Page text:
The 'Big Four’ audit firms have been accused of a serious breach in alignment with shareholder interests as the Competition Commission reveals the findings of its landmark investigation into their dominance.
The wachdog, in a report published on Friday, chastised PwC, Ernst & Young, Deloitte and KPMG, for a deep “misalignment” with shareholder interests. The Commission made clear that auditors are accountable to shareholders first and foremost, but claimed that in many instances, auditors and company executives have acted as a cabal to their mutual benefit, and to the exclusion of the interests of investors.
The investigation contended that the relationship between auditors and management has been too cosy and needs to be overhauled.
It also unearthed that standard contracts for auditing loan agreements include 'Big Four only' clauses, restricting choice to only the largest providers, and that while the stipulation is optional, it is often adopted without amendment.
As part of its remedy, the Commission demanded that auditors work harder to create transparency and openness with shareholders. Shareholders could become more involved in choosing auditors, who could be asked to give presentations at company annual meetings.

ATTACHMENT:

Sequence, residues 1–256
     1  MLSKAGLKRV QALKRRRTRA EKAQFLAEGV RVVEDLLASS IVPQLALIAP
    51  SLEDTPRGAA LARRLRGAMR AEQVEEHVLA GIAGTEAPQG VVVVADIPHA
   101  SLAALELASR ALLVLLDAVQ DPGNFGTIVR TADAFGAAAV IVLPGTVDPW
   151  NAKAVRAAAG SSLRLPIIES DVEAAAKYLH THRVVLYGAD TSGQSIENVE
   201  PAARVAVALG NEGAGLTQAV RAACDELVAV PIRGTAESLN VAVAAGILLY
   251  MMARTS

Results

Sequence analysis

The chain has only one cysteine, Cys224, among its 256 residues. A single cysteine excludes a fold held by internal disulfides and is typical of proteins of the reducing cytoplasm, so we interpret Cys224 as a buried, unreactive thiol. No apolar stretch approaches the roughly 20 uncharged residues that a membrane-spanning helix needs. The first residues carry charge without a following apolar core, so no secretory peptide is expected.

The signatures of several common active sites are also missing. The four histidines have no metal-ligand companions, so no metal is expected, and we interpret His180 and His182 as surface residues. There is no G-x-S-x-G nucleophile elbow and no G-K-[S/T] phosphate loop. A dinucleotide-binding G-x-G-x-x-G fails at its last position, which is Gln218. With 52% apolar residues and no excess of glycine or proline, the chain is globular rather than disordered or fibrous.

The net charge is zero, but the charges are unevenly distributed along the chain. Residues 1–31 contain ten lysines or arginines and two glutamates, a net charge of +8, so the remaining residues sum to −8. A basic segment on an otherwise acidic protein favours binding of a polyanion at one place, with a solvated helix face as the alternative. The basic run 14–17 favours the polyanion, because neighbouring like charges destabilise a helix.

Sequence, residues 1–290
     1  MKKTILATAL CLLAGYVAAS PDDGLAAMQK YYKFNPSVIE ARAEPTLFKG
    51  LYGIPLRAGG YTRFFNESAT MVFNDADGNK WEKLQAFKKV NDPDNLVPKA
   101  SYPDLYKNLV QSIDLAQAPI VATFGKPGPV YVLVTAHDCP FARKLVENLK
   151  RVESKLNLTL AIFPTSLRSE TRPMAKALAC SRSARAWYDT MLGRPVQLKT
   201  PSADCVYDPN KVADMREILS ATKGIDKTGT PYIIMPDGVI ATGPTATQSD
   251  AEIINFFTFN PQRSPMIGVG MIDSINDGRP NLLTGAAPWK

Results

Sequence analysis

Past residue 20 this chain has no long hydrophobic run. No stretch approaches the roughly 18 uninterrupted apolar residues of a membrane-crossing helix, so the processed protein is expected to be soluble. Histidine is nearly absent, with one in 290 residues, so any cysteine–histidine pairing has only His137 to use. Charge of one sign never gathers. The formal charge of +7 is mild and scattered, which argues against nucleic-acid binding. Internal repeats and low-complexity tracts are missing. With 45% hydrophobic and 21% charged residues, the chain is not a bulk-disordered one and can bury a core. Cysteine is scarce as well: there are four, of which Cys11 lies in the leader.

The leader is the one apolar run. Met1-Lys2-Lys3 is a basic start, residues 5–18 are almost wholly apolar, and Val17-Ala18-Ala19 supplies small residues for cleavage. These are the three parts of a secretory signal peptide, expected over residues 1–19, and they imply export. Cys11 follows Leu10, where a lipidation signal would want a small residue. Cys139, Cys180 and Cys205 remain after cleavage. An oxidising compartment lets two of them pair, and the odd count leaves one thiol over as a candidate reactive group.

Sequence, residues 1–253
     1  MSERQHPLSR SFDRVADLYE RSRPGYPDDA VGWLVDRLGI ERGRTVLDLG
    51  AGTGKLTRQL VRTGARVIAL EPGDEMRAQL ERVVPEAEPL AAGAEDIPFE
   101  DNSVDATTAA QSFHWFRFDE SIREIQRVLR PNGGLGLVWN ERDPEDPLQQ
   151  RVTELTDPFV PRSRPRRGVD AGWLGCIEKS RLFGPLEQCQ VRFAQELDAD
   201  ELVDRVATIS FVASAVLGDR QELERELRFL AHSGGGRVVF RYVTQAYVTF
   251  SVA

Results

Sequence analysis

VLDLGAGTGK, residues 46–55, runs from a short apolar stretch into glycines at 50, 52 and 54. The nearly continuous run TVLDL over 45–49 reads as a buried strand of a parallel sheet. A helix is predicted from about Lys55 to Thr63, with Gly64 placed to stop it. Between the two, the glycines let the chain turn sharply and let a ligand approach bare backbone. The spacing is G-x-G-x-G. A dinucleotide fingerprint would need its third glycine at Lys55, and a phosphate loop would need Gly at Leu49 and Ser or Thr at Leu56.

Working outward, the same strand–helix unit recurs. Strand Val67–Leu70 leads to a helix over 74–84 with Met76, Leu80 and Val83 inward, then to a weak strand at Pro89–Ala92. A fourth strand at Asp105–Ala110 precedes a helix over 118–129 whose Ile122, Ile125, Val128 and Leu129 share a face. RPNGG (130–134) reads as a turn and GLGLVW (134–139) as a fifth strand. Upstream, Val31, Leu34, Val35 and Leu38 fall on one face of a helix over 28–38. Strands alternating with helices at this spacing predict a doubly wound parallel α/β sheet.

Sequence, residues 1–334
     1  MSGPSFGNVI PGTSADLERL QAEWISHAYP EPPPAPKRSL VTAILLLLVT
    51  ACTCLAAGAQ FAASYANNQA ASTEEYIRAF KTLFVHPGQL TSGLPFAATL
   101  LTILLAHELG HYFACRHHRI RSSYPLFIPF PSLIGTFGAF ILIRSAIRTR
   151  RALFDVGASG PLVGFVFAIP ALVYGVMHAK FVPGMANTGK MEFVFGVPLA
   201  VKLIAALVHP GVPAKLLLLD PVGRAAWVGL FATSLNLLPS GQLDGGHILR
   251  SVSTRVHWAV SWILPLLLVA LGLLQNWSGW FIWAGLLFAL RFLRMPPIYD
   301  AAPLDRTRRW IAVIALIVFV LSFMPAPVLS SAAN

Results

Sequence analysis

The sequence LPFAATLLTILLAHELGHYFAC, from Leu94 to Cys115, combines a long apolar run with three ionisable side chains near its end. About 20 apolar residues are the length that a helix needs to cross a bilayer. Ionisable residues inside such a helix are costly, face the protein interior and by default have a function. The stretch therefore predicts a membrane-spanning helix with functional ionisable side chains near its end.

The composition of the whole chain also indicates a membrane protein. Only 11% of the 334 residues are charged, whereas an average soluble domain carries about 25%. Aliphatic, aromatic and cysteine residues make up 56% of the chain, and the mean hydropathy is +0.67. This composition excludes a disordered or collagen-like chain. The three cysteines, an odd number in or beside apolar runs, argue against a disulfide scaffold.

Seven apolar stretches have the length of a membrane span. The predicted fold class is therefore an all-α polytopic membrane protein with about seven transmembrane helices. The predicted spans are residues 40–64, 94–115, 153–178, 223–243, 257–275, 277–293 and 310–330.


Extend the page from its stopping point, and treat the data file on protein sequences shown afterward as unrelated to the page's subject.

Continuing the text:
Other remedies outlined by the regulator include mandatory rotation and tendering, which means that firms will have to step down as auditor after a fixed period of time and companies will be forced to ask new auditors to compete for business. The Commission also recommended a ban on contractual clauses limiting choice to the Big Four firms.
Although the four firms have dodged an out and out break-up, the remedies, along with the language of the report, are likely to cause waves in the industry.
The Big Four audit almost 90pc of all blue chip companies and according to a House of Lords investigation, listed companies use the same accountant for an average of 48 years. The auditors, who dispute this figure, were heavily criticised for failing to raise the alarm in the lead up to the financial crisis.
European regulators have also been working on plans to radically reform the audit landscape. However, it appears calls for the most sweeping reforms, such as separating audit and non-audit practices or imposing limits on market share, have been ignored.
The Commission will hold a four-month consultation to discuss the proposed remedies.